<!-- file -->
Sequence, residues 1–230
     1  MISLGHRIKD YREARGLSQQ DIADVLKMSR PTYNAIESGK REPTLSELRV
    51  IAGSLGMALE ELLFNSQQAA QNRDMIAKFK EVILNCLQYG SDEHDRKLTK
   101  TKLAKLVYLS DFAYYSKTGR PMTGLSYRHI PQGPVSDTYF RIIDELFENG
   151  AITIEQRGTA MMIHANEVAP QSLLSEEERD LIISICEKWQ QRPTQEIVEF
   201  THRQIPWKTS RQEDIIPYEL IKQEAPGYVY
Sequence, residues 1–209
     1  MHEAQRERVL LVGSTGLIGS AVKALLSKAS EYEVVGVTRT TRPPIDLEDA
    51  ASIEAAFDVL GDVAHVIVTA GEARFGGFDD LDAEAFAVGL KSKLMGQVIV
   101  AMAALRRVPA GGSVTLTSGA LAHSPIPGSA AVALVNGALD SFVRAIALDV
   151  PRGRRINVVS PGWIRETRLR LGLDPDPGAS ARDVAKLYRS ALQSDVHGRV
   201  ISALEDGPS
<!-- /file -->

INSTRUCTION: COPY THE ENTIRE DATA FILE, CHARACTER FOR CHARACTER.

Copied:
Sequence, residues 1–230
     1  MISLGHRIKD YREARGLSQQ DIADVLKMSR PTYNAIESGK REPTLSELRV
    51  IAGSLGMALE ELLFNSQQAA QNRDMIAKFK EVILNCLQYG SDEHDRKLTK
   101  TKLAKLVYLS DFAYYSKTGR PMTGLSYRHI PQGPVSDTYF RIIDELFENG
   151  AITIEQRGTA MMIHANEVAP QSLLSEEERD LIISICEKWQ QRPTQEIVEF
   201  THRQIPWKTS RQEDIIPYEL IKQEAPGYVY
Sequence, residues 1–209
     1  MHEAQRERVL LVGSTGLIGS AVKALLSKAS EYEVVGVTRT TRPPIDLEDA
    51  ASIEAAFDVL GDVAHVIVTA GEARFGGFDD LDAEAFAVGL KSKLMGQVIV
   101  AMAALRRVPA GGSVTLTSGA LAHSPIPGSA AVALVNGALD SFVRAIALDV
   151  PRGRRINVVS PGWIRETRLR LGLDPDPGAS ARDVAKLYRS ALQSDVHGRV
   201  ISALEDGPS